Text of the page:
Meanwhile, pull the skin off the chicken, pluck the meat from the bones and shred it by hand into bite-sized pieces. Add to the broth. Add salt and pepper to taste. If there's a lot of chicken meat and you like your soup thinner, use some for the soup, and the extra to make chicken salad, or a plain chicken sandwich.

Healthier note: I always make chicken soup a day in advance. After it's cooked, cool it to room temperature then store, covered, in the refrigerator. The next day all the fat will have risen to the surface, and will be easy to remove with a spoon, so you can have fat-free soup. Also, the taste of the soup improves the next day.

Chicken With Mushrooms

1 lb. chicken cutlets, preferably thin-sliced
4 Tbsp. olive oil
3 cloves garlic, chopped fine
2 Tbsp. parsley, chopped fine
1 cup water
1 chicken bouillon cube
Optional: 1/2 cup Marsala cooking wine
1 8 oz. package fresh mushrooms, thoroughly washed and sliced, or 1 can sliced mushrooms

If the chicken cutlets are thick, you can slice them in half, on the length, before starting. Heat the oil on a medium-high flame in a sauté pan; add the chicken cutlets but don't crowd the pan (you may have to sauté them in 2 batches). Once they start to brown, and this will be quickly, turn and quickly brown the other side. They don't need to be fully cooked, they will sauté in the cooking juices. Remove chicken to a plate when browned. Lower the heat, wait for the oil to cool a bit and add the garlic. Sauté until golden (NOT brown), stirring. When golden, add the 1 cup water, raise the heat, and scrape the bottom of the pan as the water boils. Add the bouillon cube.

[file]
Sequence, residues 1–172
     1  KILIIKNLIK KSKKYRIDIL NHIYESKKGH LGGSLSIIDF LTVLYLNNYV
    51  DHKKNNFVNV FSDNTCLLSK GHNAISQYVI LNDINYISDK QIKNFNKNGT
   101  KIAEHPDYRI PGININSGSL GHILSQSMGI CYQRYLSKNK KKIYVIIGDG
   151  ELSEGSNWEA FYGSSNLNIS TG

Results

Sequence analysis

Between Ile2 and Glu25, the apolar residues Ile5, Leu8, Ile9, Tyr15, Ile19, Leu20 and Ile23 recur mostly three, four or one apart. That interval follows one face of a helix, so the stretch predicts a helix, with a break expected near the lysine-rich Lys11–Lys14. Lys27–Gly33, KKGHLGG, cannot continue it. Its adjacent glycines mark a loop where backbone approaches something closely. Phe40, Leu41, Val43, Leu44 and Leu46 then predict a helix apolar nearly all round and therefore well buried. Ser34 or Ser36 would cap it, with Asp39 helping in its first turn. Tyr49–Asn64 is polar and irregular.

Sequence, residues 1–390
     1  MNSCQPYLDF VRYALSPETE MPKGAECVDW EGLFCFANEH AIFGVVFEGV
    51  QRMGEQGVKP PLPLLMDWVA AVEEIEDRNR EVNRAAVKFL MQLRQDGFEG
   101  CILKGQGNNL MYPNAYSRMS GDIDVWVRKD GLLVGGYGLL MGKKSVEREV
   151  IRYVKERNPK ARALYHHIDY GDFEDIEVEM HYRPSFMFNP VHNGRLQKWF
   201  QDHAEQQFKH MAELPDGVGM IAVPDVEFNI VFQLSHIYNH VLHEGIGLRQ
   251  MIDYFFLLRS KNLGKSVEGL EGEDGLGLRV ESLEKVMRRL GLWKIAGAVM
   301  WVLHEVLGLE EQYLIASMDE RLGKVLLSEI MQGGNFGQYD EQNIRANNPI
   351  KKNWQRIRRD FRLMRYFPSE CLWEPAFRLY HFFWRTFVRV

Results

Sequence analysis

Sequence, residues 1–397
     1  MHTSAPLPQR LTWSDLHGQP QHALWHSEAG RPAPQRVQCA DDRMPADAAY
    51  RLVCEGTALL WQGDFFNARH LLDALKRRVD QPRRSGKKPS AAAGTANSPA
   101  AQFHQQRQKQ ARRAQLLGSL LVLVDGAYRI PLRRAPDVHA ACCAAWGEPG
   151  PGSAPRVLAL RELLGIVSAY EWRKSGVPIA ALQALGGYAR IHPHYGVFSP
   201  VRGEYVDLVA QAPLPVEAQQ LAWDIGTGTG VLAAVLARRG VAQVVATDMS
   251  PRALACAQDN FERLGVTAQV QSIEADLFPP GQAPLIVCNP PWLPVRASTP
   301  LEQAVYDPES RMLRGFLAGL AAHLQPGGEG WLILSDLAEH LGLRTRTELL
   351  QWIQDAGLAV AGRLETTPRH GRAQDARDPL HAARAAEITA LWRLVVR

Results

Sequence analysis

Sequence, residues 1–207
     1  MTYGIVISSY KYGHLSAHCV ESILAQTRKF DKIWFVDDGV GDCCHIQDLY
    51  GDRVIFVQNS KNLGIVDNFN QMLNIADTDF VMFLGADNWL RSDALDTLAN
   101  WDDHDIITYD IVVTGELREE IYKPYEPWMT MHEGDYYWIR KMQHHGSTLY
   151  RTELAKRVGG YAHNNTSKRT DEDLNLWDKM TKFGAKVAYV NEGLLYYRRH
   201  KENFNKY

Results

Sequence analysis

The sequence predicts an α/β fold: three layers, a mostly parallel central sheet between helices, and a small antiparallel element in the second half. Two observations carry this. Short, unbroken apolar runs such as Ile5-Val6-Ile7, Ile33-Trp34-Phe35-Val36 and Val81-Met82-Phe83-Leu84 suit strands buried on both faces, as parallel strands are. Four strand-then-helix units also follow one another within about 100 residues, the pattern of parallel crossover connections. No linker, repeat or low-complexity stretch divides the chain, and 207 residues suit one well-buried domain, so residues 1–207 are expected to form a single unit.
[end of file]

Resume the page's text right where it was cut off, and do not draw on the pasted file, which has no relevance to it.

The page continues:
If using marsala cooking wine: add BEFORE the water, bring to a boil, and let it reduce by half. Then continue adding water and bouillon.

Put the chicken back into the hot liquid and add the mushrooms. Bring to a boil, uncovered, and cook 5 minutes. Lower heat to a gentle simmer, cover, and cook 30 minutes. Add chopped parsley. Add salt and pepper to taste, and serve.

Filet of Flounder and Potatoes

1 lb. flounder filets, or any other thinly filleted, white-meat fish
4 medium sized potatoes, peeled, washed and dried
3 cloves garlic, chopped fine
3 Tbsp. parsley, chopped fine
5 Tbsp. olive oil
3 plum tomatoes (also called "Roma" or "egg" tomatoes), chopped

Preheat oven to 375. Chop garlic, parsley and tomatoes before starting. Slice potatoes as thinly as possible and put in a baking dish. Toss with half the garlic, half the parsley, and 3 Tbsp. of the olive oil. Make sure the potatoes are well covered. Place in oven for 15 minutes.

While they are cooking, mix the rest of the garlic and parsley, place the other 2 Tbsp. of olive oil, and the diced tomatoes into a small pan, turn the heat to medium, and let cook about 5 minutes, until the tomatoes begin to soften. Then spread the tomato mixture over the fish fillets. After the potatoes have cooked for 15 minutes, turn them, scraping up any bits that may have stuck to the bottom of the pan. Cover them with the fish fillets, and cook for another 10 minutes. Serve piping hot.

Ronald C. Russo is a freelance writer living in New York City and a regular contributor to Body Positive.

Back to the March/April 2002 issue of Body Positive magazine.

This article was provided by Body Positive. It is a part of the publication Body Positive.